By Amer Taleb

Southern Arizona’s UNICEF Chapter hosted the Islamic Center of Tucson on Tuesday May 17th  to discuss the religion of Islam and whether or not it is compatible with American society.

Sa’ad Ansari, the mosque consultant who represented the ICT, began his nearly 2-hour lecture by telling his audience that “Islam in America is a new type of paradigm that we’re facing. It differs from past struggles like racism, which was about skin color. This is about an idea, a mindset.”

Of the two themes that dominated the discussion, “Islam as a religion” was the first to be examined. Ansari made a point of distinguishing between Islam in its “pure form as sent by God”, and cultural practices that often get passed over in its place.

“When religion becomes a cultural thing, it stops being a conscious decision.” Ansari said. “When we speak about Muslims really practicing their religion, we’re talking about a group of people who made a conscious decision to choose this way of life over any other. You can’t be born into an idea, you have to accept it.”

Answering an audience member who asked how non-Muslims in America are supposed to distinguish between the two, Ansari answered frankly, “ It’s almost impossible.  From the American eye looking into the Muslim World, it’s very hard to make that distinction between religion and culture. The answer is for Muslims to start practicing their religion properly and to weed out those problems.”

Joan Safier, a Jewish UNICEF volunteer who has worked on Palestinian and Israeli reconciliation, said interfaith discussions on Islam are very important to have, especially today. “As someone who knows the history of Anti-Semitism, it’s alarming to the see Islamaphobia so easily accepted. The security guard here at the Village (shopping center where event was held) told me that if a woman wearing a headscarf comes here, kids will tease and throw things at her. To think that children actually think that is OK…This is not our country. What is best in our country is our tolerance and acceptance of others.”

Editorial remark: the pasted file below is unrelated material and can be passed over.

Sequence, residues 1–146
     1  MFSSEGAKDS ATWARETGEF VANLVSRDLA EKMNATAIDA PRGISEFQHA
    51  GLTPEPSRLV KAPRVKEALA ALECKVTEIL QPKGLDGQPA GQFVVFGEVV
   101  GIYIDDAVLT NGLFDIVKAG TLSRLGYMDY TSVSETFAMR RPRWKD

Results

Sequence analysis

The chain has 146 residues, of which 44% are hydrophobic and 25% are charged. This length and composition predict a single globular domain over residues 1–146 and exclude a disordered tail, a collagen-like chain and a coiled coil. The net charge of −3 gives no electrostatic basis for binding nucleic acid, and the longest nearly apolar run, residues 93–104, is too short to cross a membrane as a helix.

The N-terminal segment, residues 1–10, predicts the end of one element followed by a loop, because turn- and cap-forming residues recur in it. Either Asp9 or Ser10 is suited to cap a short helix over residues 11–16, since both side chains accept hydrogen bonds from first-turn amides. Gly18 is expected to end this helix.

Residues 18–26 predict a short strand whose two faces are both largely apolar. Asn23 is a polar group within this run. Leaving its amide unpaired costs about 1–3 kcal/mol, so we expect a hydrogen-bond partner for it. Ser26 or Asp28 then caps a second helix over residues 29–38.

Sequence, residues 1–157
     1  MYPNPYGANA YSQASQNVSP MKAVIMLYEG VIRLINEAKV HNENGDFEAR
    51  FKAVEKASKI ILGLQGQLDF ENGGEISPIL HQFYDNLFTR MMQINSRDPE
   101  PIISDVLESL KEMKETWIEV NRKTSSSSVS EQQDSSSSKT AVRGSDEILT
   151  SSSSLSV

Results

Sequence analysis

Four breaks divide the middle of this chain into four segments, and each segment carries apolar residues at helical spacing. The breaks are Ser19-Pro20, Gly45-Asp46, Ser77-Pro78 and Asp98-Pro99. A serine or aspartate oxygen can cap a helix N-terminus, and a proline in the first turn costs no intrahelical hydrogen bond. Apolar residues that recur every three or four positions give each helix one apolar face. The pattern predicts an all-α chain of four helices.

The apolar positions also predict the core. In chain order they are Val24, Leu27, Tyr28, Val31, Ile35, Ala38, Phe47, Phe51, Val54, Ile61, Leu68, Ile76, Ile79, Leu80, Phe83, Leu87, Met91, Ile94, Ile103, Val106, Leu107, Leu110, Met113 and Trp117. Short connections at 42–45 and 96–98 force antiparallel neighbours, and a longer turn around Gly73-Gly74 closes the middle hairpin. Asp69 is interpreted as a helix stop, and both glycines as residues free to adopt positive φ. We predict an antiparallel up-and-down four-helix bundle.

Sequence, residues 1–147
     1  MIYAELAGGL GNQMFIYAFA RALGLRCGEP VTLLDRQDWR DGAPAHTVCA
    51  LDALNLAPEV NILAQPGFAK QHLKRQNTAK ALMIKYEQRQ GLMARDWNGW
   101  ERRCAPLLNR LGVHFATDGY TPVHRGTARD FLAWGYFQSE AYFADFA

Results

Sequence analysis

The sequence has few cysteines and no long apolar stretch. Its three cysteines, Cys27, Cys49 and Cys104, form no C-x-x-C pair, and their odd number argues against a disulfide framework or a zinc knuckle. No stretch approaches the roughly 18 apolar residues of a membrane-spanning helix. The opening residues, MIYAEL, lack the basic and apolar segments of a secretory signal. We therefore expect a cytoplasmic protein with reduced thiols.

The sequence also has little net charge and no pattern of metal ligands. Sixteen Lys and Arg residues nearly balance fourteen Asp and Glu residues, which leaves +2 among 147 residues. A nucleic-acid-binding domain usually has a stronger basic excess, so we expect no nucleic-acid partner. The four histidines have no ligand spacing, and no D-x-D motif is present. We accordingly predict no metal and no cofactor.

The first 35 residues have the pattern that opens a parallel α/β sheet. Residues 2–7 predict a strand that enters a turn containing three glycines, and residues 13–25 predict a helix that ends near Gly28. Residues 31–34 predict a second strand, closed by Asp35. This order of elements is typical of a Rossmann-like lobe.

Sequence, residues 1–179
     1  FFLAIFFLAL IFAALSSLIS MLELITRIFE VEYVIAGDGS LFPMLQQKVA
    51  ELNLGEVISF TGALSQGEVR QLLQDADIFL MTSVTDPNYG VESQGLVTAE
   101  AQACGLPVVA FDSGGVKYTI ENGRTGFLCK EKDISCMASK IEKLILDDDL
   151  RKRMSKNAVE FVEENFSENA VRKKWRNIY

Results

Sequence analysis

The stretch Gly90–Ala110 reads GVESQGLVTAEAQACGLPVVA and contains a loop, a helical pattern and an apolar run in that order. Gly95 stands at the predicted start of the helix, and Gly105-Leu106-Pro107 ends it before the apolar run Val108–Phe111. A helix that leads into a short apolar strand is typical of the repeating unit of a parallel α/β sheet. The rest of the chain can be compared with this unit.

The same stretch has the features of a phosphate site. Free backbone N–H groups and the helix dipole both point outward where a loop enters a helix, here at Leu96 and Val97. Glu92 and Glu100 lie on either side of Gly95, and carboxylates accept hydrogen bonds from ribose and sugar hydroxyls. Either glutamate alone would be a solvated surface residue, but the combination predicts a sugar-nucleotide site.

A 2011 Gallup Poll found that 52% of Americans are suspicious of Muslims living among them. And an ABC News/Washington Post poll published last year revealed that only 37% of Americans have a favorable view of the world’s second-largest religion.

“Fox News and ignorance.” Safier said are the two biggest instigators of misinformation about Islam. She advised combating them by “getting out of your (non-Muslims) comfort zone and meeting new people” and for the Muslim community to “Invite, invite, invite people from the press and TV to come down to the Center. Communication is key. We’re all brothers and sisters in the end and we have to respect everybody’s faith.”

After continuing with a brief history of Islam, Ansari moved onto the second and final stage of the discussion: “Is Islam socially authentic and legitimate in America?” In other words, are an American and a Muslim identity compatible?

“Every group of Americans not descended from this country’s framers  (Hispanics, Jews, Black, Japanese,..) has had to go through the process of proving their ‘Americanism’.” Ansari said. “Right now, that’s the stage Muslim Americans are going through.”

“The irony is that the framers clearly had a conception that “Muhamadinism” would eventually come to the US. And that it should be something welcomed, not just tolerated and definitely not rejected.”

“American Jews invested heavily in museums when people started to question how American they were. Why is that? It was to remind people that their identity is rooted in this country’s history too.”

“20% of the slaves were Muslims, we fought in the civil war…we’ve contributed a lot to this country and we have a lot to be proud of.”

Ansari ended his discussion by saying that the “best way to measure your American legitimacy is when you yourself can define what it means to be American and to do it with confidence. And you should be confident. Ben Franklin and the Founding Fathers are on your side. If they aren’t American, then who is?”


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